Pizzini

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I’m full of admiration for the Pizzini family of the King Valley. Their wines are very good and constantly improving, and their exploration of native Italian grape varieties is exceptional.

Pizzini Wines is truly a family affair, with parents Alfred and Katrina, their son Joel (chief winemaker) and daughter Natalie all deeply involved. For the last 14 or 15 years they’re retained Tuscan consultant winemaker Alberto Antonini who by now is almost a member of the family.

Since my last visit they have built a new, capacious cellar door/tasting room and landscaped the grounds with stonework and running water. The food component including cookery courses is tightly integrated into everything they do, in true Italian style. And the depth and breadth of the wine range continues to impress.

On my recent visit I was impressed with the ‘riserva’ style nebbiolo (Coronamento – tasting) and sangiovese (Rubacuori – tasting), both of which are available with as much as nine years of age on them. They’re not cheap at $135 and $110 respectively ex-winery, but neither should they be: they are very limited production (just a hundred cases or so), marketed with an unusual degree of bottle-age (the 2008s and 2005s are all available), and represent the culmination of many years of dedicated and painstaking work in vineyard and winery. Both wines are very much ‘show wines’, structured to impress, seriously oaked, with full body, concentration and density – much more Angelo Gaja (tastings) than, say, Bruno Giacosa (tastings).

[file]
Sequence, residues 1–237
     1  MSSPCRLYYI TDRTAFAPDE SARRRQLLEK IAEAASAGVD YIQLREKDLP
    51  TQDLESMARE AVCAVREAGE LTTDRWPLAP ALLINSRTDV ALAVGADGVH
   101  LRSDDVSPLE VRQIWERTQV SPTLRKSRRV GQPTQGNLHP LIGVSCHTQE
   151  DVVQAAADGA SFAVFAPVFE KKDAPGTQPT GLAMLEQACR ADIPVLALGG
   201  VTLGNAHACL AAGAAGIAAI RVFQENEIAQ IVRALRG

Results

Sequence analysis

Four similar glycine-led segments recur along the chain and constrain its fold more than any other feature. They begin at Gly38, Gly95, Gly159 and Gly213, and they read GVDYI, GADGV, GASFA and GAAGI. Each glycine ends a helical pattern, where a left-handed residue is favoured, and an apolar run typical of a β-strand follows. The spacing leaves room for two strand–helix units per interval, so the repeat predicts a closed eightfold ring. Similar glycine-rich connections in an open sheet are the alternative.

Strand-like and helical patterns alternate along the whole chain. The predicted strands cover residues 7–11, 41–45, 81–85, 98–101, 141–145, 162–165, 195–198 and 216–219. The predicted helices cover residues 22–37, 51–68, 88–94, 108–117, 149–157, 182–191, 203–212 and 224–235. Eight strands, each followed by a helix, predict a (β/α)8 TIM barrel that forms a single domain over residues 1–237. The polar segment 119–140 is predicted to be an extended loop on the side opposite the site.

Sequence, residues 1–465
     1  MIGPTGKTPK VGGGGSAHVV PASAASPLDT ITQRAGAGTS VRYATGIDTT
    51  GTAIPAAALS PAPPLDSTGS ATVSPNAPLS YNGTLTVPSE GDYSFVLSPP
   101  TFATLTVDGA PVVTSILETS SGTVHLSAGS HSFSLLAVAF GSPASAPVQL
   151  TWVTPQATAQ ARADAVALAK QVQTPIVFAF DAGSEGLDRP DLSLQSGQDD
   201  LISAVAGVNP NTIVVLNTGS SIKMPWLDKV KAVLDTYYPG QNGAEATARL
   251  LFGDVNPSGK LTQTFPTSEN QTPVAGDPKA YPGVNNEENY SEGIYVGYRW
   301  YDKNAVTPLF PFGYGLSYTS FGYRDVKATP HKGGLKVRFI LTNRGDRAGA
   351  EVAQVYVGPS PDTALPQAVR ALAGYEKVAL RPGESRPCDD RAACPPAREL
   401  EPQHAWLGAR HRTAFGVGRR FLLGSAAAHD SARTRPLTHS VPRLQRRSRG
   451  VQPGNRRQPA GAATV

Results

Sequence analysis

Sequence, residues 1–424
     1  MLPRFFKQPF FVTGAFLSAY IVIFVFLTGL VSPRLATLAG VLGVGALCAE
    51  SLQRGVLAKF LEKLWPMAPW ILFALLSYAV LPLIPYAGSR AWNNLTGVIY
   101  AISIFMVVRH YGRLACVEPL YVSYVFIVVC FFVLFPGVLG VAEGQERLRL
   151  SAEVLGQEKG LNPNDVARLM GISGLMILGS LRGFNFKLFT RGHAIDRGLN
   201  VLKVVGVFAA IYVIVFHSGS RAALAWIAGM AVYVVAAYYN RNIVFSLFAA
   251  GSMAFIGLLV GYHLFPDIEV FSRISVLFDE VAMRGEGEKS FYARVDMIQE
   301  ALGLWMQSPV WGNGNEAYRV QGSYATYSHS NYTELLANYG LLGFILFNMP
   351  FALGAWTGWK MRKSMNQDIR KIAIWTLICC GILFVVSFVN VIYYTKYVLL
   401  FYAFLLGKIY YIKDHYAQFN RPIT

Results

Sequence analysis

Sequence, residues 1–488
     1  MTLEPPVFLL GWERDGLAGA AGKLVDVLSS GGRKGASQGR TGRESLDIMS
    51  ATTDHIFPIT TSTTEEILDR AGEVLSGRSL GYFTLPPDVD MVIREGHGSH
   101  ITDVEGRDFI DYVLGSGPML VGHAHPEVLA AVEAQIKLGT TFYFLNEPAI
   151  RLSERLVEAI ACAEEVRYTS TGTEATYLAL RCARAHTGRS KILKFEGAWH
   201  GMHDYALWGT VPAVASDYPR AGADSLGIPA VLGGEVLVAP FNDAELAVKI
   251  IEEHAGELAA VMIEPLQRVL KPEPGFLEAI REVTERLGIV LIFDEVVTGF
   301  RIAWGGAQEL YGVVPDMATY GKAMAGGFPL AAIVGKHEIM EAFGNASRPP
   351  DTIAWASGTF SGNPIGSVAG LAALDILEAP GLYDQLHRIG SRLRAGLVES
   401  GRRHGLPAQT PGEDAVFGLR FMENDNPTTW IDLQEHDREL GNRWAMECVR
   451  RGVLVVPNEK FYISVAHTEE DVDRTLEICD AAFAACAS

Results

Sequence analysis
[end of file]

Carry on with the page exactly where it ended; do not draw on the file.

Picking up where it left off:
At the risk of letting cats out of bags, I tasted my first Australian verdicchio (tasting), which the Pizzinis will be releasing early this year. Happily, it’s not an infantile wine (it’s a 2013) and thus swims against the usual tide of Australian white wines being released too early. And it’s a stunning wine.

I also dips me lid to Joel Pizzini’s development over recent vintages of a more serious pinot grigio, which sells under the Whitefields label (tasting). And the current 2012 vintage of Il Barone (a cabernet, shiraz, sangiovese, nebbiolo blend – tasting) is the best I can recall ever tasting, showing perfectly ripe cabernet fruit. The cabernet, incidentally, came from Mark Walpole’s Beechworth vineyard, as the Pizzini cabernet vineyard is being replanted.

Bravo e brava!

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